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Camp Emerald Bay - Postcards 1931-39 

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          The new Headquarters and Dispensary building built on Staff Hill in 1928 provided room for a makeshift photo darkroom and related equipment. That gave space for Emerald Bay and Crescent Bay photographer George Bergstrom to teach photography merit badge to interested campers. New Real Photo Postcards (RPPC), clearly not produced by Bergstrom, exist from Emerald Bay that are dated to around 1931. These more primitive looking postcards may have been made by Scouts under Bergstrom's training and supervision as a photography merit badge requirement.
          Some of these Camp Emerald Bay postcards are not much to look at. The photography is poor and the developing and printing is even worse. Images are not in clear focus and seem overexposed. Most noticeable is the printing of the images on the postcard stock is quite crude, often placed crookedly and asymmetrically onto the paper. In all, some of the early 1930's Emerald Bay postcards look very amateurish when compared to the Temescal Canyon Camp postcards of 1922. But given the limited equipment and facilities for their production and the bonus of immediate availability at camp, the early 1930's postcards served their purpose for those Scouts wanting to send a photo and message from Emerald Bay to the folks back home.

Authentication of Real Photo Post Cards (RPPC)
            A real photo postcard (RPPC) is a continuous-tone photographic image printed on postcard stock. The term recognizes a distinction between the real photo process and the lithographic or offset printing processes employed in the manufacture of most postcard images since the 1950's.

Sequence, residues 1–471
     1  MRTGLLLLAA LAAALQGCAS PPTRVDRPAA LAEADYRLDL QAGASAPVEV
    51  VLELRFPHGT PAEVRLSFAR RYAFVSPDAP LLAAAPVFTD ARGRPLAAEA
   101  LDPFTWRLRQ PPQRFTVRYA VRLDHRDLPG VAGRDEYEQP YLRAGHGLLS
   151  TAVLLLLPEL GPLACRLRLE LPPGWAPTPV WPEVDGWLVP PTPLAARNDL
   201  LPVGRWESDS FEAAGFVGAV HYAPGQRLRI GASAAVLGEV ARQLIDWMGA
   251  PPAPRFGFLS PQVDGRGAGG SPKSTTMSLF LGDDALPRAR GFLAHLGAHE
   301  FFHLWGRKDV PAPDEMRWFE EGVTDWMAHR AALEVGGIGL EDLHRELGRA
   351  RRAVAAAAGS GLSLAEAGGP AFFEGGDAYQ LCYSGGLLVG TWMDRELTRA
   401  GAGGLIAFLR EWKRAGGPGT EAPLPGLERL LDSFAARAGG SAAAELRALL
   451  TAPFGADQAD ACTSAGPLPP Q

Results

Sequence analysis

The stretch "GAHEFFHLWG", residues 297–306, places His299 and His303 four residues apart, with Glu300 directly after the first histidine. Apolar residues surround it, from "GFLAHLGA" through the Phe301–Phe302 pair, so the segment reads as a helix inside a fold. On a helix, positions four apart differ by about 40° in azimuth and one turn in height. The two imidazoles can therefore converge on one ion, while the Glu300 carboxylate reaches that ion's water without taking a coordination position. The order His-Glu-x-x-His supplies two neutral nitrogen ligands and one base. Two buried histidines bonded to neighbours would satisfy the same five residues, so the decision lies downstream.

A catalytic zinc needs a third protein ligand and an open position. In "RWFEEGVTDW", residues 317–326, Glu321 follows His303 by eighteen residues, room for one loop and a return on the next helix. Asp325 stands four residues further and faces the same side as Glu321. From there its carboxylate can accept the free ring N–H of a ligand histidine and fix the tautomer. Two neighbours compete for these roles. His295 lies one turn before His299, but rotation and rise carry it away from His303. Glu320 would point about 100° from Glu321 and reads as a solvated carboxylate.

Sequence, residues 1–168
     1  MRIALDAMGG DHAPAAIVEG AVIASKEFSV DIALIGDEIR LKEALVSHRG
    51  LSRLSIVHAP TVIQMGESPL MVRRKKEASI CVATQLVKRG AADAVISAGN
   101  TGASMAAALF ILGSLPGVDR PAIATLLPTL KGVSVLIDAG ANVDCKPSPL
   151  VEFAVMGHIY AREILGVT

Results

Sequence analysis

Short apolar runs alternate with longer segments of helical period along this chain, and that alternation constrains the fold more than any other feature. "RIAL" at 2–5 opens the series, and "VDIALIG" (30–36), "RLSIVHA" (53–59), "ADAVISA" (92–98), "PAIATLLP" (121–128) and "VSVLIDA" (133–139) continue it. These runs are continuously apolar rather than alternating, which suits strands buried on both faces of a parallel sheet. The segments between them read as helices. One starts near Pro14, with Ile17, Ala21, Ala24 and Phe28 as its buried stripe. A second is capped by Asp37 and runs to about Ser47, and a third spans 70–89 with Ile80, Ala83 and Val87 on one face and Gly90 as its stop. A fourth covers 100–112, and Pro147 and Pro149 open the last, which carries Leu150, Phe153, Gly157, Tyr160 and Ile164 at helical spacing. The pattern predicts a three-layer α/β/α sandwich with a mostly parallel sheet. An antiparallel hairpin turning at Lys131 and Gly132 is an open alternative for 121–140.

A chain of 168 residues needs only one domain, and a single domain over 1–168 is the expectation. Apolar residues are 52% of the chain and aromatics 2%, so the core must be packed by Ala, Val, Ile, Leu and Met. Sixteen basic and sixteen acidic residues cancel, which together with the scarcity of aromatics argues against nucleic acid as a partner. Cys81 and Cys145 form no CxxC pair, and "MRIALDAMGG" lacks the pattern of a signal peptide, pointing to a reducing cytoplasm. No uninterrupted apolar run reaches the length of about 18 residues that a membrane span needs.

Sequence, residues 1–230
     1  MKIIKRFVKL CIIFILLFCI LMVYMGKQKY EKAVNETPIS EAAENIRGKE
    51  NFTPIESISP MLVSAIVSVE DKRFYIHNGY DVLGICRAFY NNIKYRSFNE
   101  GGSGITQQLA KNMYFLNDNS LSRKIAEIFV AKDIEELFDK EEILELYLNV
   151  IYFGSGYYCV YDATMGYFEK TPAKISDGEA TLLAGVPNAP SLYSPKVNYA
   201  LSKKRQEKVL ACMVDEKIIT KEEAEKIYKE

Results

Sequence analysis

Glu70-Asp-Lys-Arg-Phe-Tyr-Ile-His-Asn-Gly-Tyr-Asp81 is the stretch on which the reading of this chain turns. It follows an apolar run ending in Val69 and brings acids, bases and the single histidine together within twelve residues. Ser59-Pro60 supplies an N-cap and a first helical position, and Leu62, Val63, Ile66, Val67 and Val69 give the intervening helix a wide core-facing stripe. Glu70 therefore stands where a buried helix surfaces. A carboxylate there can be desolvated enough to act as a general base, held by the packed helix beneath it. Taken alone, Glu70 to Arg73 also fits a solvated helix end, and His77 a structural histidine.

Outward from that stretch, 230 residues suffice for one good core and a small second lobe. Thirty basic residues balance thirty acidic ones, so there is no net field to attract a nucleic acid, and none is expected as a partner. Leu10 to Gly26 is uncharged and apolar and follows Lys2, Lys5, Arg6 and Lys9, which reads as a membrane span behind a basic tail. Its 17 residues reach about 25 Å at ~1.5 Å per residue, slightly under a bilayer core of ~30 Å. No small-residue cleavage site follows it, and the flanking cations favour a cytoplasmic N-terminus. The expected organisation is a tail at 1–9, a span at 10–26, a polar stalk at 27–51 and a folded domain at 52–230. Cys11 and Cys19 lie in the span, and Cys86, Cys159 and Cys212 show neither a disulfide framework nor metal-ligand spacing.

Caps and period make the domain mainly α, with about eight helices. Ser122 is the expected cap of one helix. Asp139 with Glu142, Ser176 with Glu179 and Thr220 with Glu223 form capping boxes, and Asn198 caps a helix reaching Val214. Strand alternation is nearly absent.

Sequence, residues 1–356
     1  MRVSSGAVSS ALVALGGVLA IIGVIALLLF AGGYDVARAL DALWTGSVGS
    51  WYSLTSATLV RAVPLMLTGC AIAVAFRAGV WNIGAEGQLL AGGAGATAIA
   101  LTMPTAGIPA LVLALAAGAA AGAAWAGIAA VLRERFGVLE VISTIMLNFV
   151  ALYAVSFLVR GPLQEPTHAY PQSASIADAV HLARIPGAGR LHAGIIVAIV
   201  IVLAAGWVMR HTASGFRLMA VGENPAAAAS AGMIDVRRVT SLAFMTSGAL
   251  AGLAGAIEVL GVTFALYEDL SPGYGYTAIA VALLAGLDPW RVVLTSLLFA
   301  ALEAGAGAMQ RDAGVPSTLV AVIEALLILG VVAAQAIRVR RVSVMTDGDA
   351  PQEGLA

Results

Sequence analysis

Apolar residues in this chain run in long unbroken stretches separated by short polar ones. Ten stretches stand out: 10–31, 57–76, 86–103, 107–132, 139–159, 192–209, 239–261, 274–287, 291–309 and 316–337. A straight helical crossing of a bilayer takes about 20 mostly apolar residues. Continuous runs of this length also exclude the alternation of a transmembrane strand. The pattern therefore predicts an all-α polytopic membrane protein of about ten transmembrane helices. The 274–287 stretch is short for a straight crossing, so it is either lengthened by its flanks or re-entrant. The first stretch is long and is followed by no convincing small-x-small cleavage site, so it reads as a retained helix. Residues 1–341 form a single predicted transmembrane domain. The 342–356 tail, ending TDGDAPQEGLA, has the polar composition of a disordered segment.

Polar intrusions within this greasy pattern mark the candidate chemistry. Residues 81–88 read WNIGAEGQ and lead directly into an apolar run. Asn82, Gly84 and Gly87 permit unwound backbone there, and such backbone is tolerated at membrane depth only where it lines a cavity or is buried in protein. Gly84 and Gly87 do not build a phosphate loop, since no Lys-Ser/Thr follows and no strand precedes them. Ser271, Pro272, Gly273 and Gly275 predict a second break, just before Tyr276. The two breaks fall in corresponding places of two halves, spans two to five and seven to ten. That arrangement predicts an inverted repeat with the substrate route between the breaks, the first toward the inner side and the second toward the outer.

Beginning in 1902 Kodak offered a pre-printed card back that allowed postcards to be made directly from photo negatives. These card backs, soon copied by other photo paper suppliers, had special distinguishing marks and letters in the "place stamp here" block on the reverse. These unique markings signified the particular manufacturer of the photographic card stock paper in the original RPPC. This practice, used throughout the twentieth century, has left historians and collectors with a way of authenticating RPPC's that might otherwise be easily reproduced by today's widely available copying techniques. Each of the cards pictured here can be authenticated by its stamp block on the back.


Artistic gems, these postcards are not. But they did document life at camp.
All of the 1931 postcards shown here were printed on authenticated RPPC postcard stock.

Headquarters & Dispensary Porch
(Health Lodge)

Pier & Lifeguard Tower
View East from Beach


The Headquarters & Dispensary was the 3rd permanent structure built in camp and first permanent structure built on South (Staff) Hill behind the eucalyptus tree.
Here we see a life saving demonstration by staff member
 Ed Williams on far right. As noted by the original owner of
the postcard, his technique shown is the "wrong position".

Emerald Bay's first permanent pier, complete with lifeguard tower, was built in 1928. Beginning in 1929, a short floating dock extension was built past the tower which was subsequently extended in 1930 and again in 1931 as seen here. The lifeguard tower was removed off the end of the pier in 1932 for filming of a movie called "Bird of Paradise" starring Joel McCrea, Deloris Del Rio and Lon Cheney Jr.

Pier & Lifeguard Tower
View Northwest from Water

Pier & Lifeguard Tower
View North from Beach

Swimming, canoeing and boating took place on both sides
of the floating dock extension from the lifeguard tower.
The popular helmet dive activity started in 1929 from the
dock extension was moved off to its own floating platform
by 1930.

The South (near side) of the floating dock was largely used